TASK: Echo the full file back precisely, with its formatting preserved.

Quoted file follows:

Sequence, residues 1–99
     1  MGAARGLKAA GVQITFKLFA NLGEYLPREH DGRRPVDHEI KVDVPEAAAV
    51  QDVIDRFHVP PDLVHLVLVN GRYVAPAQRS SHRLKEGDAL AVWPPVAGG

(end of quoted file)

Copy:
Sequence, residues 1–99
     1  MGAARGLKAA GVQITFKLFA NLGEYLPREH DGRRPVDHEI KVDVPEAAAV
    51  QDVIDRFHVP PDLVHLVLVN GRYVAPAQRS SHRLKEGDAL AVWPPVAGG